We celebrate Asian American and Pacific Islander heritage month at a time of social change in New York, which has been rocked by the COVID-19 pandemic. Just over a year ago, New York City was the epicenter of the coronavirus outbreak in the United States. Asian Americans and Pacific Islanders served the state and city we call home as frontline healthcare, restaurant and other essential workers.
However, the bravery and compassion of Asian Americans during the pandemic has been met with a tidal wave of anti-Asian violence. While the overall prevalence of hate crimes dropped 6% in 2020, anti-Asian hate crime surged 145% nationwide, according to a data analysis by the Center for the Study of Hate & Extremism at California State University, San Bernardino. In New York City, hate crime decreased by 38%, while anti-Asian hate crime increased by 833% from 2019 to 2020.
Asian Americans were spat on, had food thrown at them, endured beatings and were attacked with acid, while racial slurs were spewed at them by the perpetrators. Asians are the scapegoats for the devastation wrought by the COVID-19 pandemic.
The local governmental response to the wave of anti-Asian violence has been anemic and ineffective. The NYPD has struggled to properly categorize and respond to the surge of violence since early 2020. To date, no anti-Asian hate crime committed since last January has been successfully prosecuted in New York, in part because of pandemic-related trial delays. The surge in anti-Asian violence has emphasized the critical need for diversity at all levels of our government and particularly in leadership, including law enforcement, prosecutors’ offices,and the judiciary. According to census data, 32% of New York City’s population is white and 46% of the NYPD is white, while 14% of the city’s population is Asian American and only 9% of the NYPD is Asian American. Based on the NALP Directory of Legal Employers, the Manhattan district attorney’s lawyers are 77% are white and only .06% are Asian American.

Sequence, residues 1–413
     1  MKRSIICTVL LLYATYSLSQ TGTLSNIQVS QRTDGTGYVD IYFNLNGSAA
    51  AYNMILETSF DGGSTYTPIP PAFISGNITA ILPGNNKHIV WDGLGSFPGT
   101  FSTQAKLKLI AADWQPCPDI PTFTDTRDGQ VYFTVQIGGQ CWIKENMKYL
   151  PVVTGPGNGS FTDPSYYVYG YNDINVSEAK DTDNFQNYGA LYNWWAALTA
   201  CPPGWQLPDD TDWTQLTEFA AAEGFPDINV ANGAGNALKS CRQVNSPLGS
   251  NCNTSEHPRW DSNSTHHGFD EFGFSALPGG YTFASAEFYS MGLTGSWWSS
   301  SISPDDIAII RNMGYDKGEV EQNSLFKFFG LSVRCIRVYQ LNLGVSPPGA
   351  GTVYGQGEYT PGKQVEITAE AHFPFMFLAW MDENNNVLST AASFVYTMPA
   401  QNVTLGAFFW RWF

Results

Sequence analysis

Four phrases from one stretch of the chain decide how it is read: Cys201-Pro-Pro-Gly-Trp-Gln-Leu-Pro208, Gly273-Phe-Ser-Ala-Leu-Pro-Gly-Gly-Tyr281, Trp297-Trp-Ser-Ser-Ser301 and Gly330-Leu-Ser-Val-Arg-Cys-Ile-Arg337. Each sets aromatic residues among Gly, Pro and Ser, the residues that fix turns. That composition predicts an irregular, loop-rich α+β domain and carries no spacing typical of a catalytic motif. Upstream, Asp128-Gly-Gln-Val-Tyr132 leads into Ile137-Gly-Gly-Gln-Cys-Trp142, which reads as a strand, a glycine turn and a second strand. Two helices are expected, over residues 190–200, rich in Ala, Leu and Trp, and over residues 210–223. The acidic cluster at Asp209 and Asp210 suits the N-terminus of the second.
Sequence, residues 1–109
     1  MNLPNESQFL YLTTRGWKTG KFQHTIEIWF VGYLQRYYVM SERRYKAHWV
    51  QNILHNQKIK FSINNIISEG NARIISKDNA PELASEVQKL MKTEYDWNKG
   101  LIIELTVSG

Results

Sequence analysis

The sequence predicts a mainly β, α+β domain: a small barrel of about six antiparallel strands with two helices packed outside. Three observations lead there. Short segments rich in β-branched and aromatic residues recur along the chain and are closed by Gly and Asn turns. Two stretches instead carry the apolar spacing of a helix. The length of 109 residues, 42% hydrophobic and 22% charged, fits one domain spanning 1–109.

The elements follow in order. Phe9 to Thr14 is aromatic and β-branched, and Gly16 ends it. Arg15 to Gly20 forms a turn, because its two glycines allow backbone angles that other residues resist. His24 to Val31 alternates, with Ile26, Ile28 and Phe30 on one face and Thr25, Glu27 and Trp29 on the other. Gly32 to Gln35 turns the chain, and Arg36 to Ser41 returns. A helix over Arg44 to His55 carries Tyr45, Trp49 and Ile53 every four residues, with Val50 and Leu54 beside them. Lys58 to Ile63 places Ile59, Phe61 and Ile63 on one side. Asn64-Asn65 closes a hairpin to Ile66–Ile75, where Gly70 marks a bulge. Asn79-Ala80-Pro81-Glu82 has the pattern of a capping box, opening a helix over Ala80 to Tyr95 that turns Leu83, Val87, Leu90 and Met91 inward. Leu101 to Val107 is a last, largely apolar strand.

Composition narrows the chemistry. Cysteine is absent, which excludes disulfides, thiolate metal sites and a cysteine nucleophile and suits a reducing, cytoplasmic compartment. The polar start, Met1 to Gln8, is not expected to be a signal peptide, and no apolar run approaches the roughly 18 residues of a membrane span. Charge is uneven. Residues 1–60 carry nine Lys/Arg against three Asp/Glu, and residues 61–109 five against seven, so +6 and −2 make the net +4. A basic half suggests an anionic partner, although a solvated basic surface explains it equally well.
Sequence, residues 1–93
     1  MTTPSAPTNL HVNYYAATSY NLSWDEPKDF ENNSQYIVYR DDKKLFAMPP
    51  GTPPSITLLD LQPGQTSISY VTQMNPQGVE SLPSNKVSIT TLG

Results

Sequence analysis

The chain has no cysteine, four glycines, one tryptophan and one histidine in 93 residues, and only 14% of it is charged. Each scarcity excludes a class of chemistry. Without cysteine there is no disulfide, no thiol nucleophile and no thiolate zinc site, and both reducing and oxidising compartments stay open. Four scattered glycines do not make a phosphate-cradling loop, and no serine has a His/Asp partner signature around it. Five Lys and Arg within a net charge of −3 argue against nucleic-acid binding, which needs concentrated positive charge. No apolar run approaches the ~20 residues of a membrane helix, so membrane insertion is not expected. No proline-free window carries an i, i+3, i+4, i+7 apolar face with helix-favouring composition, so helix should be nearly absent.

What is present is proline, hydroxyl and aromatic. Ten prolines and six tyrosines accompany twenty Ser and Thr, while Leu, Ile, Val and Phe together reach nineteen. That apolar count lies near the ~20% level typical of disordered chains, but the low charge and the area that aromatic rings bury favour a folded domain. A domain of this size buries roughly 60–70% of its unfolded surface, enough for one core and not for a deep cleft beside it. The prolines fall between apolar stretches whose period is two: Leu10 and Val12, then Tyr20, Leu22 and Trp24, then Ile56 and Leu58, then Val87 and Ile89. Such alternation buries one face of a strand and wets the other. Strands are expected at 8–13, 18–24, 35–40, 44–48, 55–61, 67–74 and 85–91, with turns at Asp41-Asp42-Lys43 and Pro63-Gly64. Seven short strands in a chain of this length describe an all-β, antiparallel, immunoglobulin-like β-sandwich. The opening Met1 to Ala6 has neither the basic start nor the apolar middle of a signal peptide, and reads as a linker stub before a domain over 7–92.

Our government must be diverse to fulfill Lincoln’s vision of a nation “of the people, by the people, and for the people.” The need in our city and state is urgent and necessary.
As reported in the Brennan Center’s State Supreme Court Diversity Update, across all state high courts, just 17% of judges are Black, Latino, Asian American or Native American. By contrast, people of color make up almost 40% of the U.S. population.
As the last census showed, Asian Americans are the fastest growing racial group in the United States, with over 1.5 million Asian Americans calling New York home. Asian Americans account for 9 percent of New York residents, but only 2.7% of Judges in New York State are Asian American. Yet, New York has never had an Asian American judge in its top court, the Court of Appeals, which has seven members. Even Georgia appointed its first Asian American to its top court in 2020.
Kathy Hirata Chin is currently the only Asian American potential candidate for possible appointment to New York Court of Appeals. Chin’s appointment by Gov. Andrew Cuomo would be a historic and profound demonstration of New York’s commitment to racial diversity and equity.
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